A Serb and the Kosovo he once knew
The reporter covers the Kosovo conflict for the Monitor.
NOVI SAD, YUGOSLAVIA
The other day i went to visit an old friend, to talk with him about Kosovo, and whether the Serbs should sign the peace deal.
Boban doesn't have any university degrees or real knowledge of Balkan politics, but he's a Serb, with inherited land in Kosovo, and he doesn't lie to me.
It was with Boban that I first went to Kosovo, in August 1996, to a village near the border with Albania called Vitomirica. For a month I lived in his summer house, a two-bedroom cottage without running water or a telephone. In one of the rooms was an old black-and-white photograph of his grandfather, a handsome man with a thick black mustache who was given the land by the Yugoslav government in 1926.
That summer Boban showed me his Kosovo. It was a place where ethnic Albanians and Serbs helped each other cut the tall grass for harvest, where there were no fences and farm animals could wander from one plot of land to another. "Do you see?" Boban said, "Serbs and Albanians are good with each other."
In the evenings, we went to the house of Spasa, an old Serbian woman who was proud to have a foreigner as a guest.
Haxhi and Os, two ethnic Albanian brothers from across the street, occasionally dropped by Spasa's for a visit. Sometimes they brought a chessboard and made Boban and me look like fools. We spoke in three languages: The Albanians wanted to practice English, I wanted to practice Serbian, and Boban wanted to practice Albanian.
Everything started changing when I began to work on a magazine article about Kosovo. I started waking up at 5 in the morning, taking the 6 o'clock bus to Pec, the nearest city, and then catching another bus to Pristina, the capital of Kosovo.
In Pristina I met lots of politicians and important people, and what they told me was not good. I met a photographer who took pictures of ethnic Albanians who had died from police beatings. I visited a Serbian cafe in the city of Decani, where three days earlier masked gunmen had opened fire with a machine gun, killing four.
Boban wasn't interested in those kinds of stories - or maybe he didn't want to think about them. Instead he took me to a famous monastery to meet a monk who spoke excellent English and who had a good perspective on history. The monk told us how ethnic Albanians sometimes came to the monastery to try to heal sick children. He also told us that Slobodan Milosevic, then the Serbian president, needed to be stopped before something worse happened.
I wrote my story on a laptop computer out on Boban's porch, with summer flies buzzing around my head. Boban asked if he could see the story and I said yes, but it wasn't something I normally did.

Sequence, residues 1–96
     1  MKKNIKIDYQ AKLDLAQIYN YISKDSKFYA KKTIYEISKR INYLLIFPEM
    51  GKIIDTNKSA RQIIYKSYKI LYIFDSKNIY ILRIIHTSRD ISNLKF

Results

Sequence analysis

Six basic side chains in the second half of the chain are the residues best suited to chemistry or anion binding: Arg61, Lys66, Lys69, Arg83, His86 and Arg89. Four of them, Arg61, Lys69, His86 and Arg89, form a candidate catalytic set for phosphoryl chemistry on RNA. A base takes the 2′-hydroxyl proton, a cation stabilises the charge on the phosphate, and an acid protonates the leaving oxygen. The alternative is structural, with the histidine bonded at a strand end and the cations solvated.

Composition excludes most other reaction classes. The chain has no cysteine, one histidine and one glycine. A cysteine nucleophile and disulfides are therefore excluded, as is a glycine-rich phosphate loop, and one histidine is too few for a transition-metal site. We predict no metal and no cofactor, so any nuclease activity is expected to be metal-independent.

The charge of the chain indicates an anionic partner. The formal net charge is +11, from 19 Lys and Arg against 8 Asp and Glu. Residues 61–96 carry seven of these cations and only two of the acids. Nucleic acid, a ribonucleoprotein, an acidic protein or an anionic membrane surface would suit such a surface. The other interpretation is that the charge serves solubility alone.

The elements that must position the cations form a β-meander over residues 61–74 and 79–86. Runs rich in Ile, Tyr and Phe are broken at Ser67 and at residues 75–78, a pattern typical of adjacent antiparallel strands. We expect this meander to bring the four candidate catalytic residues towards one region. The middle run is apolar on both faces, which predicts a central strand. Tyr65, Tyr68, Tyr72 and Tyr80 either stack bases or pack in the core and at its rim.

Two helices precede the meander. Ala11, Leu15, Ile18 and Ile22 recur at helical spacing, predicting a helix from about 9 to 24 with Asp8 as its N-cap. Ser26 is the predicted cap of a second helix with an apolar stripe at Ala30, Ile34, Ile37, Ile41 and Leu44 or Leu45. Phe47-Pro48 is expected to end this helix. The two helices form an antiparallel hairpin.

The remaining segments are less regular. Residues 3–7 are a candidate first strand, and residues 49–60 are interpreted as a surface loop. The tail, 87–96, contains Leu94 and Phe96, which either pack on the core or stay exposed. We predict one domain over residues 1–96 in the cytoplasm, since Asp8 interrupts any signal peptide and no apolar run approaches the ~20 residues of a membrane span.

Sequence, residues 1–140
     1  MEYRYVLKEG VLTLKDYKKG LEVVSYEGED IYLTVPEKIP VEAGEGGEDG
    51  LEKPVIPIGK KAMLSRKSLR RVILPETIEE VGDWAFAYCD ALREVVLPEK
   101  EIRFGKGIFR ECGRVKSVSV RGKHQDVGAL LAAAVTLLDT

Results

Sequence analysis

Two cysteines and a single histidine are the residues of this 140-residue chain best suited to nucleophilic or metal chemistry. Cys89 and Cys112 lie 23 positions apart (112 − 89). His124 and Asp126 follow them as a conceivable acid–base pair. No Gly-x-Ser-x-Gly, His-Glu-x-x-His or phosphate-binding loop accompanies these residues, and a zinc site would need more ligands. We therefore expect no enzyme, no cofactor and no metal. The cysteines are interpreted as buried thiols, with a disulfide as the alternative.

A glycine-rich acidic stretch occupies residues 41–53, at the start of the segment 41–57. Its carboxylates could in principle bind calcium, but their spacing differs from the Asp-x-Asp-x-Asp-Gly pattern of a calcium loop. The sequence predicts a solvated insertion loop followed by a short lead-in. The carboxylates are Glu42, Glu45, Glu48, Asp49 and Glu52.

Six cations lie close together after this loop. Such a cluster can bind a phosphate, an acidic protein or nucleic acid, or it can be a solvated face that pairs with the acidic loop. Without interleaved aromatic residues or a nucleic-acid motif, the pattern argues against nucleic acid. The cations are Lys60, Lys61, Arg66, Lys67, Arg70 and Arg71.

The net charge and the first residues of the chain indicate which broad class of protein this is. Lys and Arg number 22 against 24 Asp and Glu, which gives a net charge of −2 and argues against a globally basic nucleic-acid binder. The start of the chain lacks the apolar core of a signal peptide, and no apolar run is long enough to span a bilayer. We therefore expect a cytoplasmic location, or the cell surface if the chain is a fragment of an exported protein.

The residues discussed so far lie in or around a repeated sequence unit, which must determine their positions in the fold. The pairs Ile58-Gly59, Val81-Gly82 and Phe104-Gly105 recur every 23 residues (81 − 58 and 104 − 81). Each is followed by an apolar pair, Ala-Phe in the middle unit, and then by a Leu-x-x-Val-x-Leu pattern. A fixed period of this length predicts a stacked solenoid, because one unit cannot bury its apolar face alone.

He didn't say much afterward, but I knew he was mad. He started going to visit neighbors without me, and he stopped speaking English to me when we were in a group. He thought I was wrong, that Kosovo wouldn't explode as everyone said, and that neighbors would never turn on one an other as they did in Bosnia.
I left Kosovo a few days later, and by that time Boban and I had pretty much stopped talking. I went back to America; he and his mother went back north to Novi Sad, where they spent the winter. There were a few phone calls - most of them unreturned - but by and large we lost touch.
Some two years later I was back in Serbia, and I went to Novi Sad to try to find Boban. It wasn't hard. He was sitting in a cafe near his apartment, and when I walked in the door he ran to me, gave me a bearhug, then three kisses on the cheek.
Boban had sold some of his land in Kosovo for a price that was too low. He hadn't been there in almost two years, but Spasa had gotten a telephone and he sometimes called her for updates. A friend was killed when a bomb exploded in a Pec cafe. The Albanian girl who worked at the local shop had been been jailed and accused of helping the Kosovo Liberation Army.
As we spoke we became close again.
Boban asked me what was happening in Kosovo, because he couldn't believe what he heard in Novi Sad. I told him it was worse than he could imagine, and that he might not be able to go back for a while.
I told him about the peace plan they were talking about in France - that it would give the Albanians control of Kosovo, and that more than 20,000 NATO troops would enter the region.
He asked me if Serbs could keep living in Kosovo, and I said, "Maybe."
He asked me if the agreement would bring peace, and I said, "Probably, for a while."
"Then we should sign it," he said.